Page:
Recently, I’ve been thinking a lot about one of Bill Mollison’s most quoted and potentially misunderstood comment:
This quote underpins the entire concept of permaculture and is likely the reason people think of permaculture as only a gardening system when in fact it’s so much more. Of course, Bill was a great thinker and a key pioneer in the permaculture movement, and I think locked inside this quote is another takeaway, one that’s key for humanity to come to terms with our place on this earth.
The Standard Story
It’s tough these days to not get bombarded with negative news about the way we’re living on this planet. When we read these doomsday articles we start to construct limiting beliefs and confirmation biases that reinforce a narrative of “at best humans can be less bad, but we will always be destructive.”
I think in Bill Mollison’s quote he’s suggesting two things:
1.) Most of the problems in the world can be solved by people gardening. (This probably requires another article to get into.)
2.) All species on earth garden.
What the second takeaway means is that countless species manipulate their environment to help themselves and other species. In other words, if every other species can be seen transforming the world around them in a beneficial way, we humans should be capable of doing it as well. Here are two groups of animals that transform their surroundings in significant ways.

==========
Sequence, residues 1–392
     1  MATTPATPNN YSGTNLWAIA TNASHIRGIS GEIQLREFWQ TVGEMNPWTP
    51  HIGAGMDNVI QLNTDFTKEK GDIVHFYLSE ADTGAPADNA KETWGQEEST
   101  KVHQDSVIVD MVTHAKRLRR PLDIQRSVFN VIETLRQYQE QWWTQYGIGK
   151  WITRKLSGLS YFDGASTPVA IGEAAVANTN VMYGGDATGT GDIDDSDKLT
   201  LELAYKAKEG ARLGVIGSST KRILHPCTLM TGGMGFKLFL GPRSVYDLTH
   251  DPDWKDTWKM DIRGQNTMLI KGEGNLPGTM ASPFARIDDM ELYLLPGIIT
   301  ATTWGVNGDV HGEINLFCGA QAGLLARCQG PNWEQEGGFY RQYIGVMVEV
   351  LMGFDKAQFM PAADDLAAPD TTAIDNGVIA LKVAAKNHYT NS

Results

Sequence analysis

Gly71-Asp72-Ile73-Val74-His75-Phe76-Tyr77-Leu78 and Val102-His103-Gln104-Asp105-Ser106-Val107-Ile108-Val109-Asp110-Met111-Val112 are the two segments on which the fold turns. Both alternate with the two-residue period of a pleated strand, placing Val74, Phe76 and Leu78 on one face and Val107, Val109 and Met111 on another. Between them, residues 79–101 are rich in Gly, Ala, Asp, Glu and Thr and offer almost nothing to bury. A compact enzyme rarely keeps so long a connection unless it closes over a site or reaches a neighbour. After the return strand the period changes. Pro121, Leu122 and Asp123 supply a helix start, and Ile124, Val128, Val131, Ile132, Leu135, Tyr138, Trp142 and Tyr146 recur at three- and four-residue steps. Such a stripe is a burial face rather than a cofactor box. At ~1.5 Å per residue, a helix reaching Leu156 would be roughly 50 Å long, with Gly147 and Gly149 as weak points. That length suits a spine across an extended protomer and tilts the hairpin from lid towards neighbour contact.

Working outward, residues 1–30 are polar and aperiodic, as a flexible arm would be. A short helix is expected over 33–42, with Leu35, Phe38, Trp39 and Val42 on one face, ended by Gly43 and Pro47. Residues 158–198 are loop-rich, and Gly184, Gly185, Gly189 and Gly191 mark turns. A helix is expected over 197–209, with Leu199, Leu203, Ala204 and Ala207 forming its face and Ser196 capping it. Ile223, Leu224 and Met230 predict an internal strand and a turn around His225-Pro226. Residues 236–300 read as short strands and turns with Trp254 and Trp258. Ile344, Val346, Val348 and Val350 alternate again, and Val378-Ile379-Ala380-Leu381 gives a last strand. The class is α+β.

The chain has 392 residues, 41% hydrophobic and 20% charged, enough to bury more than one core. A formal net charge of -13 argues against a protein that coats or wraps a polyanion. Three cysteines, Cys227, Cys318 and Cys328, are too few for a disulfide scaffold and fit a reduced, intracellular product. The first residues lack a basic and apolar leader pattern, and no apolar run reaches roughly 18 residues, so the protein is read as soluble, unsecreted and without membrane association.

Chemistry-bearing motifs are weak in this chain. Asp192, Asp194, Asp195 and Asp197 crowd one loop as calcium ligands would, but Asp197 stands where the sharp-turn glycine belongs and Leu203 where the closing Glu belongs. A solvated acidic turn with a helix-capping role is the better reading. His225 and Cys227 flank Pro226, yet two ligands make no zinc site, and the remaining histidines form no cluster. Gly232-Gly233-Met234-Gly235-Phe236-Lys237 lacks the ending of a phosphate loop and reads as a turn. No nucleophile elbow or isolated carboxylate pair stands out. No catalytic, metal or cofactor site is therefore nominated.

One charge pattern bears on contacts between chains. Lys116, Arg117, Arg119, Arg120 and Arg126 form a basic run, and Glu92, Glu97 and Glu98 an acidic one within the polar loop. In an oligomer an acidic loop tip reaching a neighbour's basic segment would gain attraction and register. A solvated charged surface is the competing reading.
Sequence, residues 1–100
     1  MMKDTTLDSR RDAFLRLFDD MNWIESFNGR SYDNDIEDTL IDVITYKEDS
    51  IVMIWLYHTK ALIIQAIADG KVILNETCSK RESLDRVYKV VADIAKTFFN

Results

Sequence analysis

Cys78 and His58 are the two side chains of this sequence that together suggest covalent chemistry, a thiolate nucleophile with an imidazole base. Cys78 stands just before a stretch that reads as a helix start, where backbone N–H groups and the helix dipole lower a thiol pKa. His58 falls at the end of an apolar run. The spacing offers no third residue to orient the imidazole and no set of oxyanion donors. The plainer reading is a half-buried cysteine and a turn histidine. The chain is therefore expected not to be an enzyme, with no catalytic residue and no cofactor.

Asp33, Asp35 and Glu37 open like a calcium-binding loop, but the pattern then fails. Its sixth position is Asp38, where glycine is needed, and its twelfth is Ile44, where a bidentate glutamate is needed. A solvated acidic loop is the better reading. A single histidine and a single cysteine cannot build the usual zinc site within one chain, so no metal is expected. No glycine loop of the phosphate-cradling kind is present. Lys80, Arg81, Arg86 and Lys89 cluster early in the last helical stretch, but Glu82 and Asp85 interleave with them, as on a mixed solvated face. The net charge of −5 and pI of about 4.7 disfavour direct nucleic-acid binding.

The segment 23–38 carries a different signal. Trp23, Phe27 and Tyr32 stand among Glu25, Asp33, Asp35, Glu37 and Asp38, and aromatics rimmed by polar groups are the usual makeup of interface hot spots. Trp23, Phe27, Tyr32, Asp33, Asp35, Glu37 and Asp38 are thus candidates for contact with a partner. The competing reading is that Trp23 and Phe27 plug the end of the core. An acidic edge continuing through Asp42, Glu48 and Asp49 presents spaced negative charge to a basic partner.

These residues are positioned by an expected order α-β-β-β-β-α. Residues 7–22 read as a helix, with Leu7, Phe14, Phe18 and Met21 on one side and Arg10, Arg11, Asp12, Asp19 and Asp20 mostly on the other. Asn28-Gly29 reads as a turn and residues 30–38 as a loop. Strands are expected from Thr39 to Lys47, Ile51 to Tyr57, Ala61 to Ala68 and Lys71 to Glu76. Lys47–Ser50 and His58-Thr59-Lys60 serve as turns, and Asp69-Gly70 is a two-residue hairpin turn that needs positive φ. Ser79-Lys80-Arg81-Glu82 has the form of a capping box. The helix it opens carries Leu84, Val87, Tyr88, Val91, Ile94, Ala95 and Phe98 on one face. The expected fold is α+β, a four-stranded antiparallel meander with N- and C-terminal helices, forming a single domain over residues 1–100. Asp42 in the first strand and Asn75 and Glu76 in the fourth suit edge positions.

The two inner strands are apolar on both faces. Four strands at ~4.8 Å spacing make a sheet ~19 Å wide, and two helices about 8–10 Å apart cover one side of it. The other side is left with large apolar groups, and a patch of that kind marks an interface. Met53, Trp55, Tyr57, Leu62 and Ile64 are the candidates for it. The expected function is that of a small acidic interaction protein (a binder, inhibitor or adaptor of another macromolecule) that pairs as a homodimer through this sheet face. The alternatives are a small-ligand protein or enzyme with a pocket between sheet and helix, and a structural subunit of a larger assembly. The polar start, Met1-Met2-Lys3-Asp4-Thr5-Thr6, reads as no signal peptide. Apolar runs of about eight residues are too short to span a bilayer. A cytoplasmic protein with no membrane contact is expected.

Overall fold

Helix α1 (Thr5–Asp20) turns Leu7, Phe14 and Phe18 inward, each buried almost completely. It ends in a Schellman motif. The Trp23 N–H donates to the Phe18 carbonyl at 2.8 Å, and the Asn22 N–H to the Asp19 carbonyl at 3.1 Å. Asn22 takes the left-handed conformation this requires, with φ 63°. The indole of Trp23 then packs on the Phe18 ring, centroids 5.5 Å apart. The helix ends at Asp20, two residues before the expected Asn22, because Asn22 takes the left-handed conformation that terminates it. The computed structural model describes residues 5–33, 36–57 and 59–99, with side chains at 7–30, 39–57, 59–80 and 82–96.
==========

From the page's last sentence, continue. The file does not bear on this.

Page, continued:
Beavers block rivers, take down swaths of trees, and build channels into wetlands to convey logs. Their dams set up massive flood events and create light and openings in forests. Their actions can enhance biodiversity by a factor of 10-20.
Many species of ants actively cultivate aphids and fungi. So the next time you want to kill ants, consider things from another perspective. Instead of seeing them as pests, regard them as part of a symbiotic relationship that’s actively constructing fungal networks below ground, which in turn increase plant nutrient availability.
The Permaculture Story
Back to us humans. We also manipulate our environment, but our directive is generally more narrow: “How can we meet our needs?” Permaculture is a design system that adds a slight tweak to this directive: “How can we meet our needs while enhancing the ecosystem around us?”
Practicing permaculture means running with this line of thought and applying it to the designs of low energy homes, waste-to-resource management techniques, renewable energy and water harvesting systems, sustainable food production, and community resilience. Practicing permaculture is a concrete way to construct an alternative narrative, one where humanity is a positive and regenerative force.
I’d like to close this article with a question: If the most destructive thing humans have ever created is the nuclear bomb, what is the most positive thing you think we can potentially create?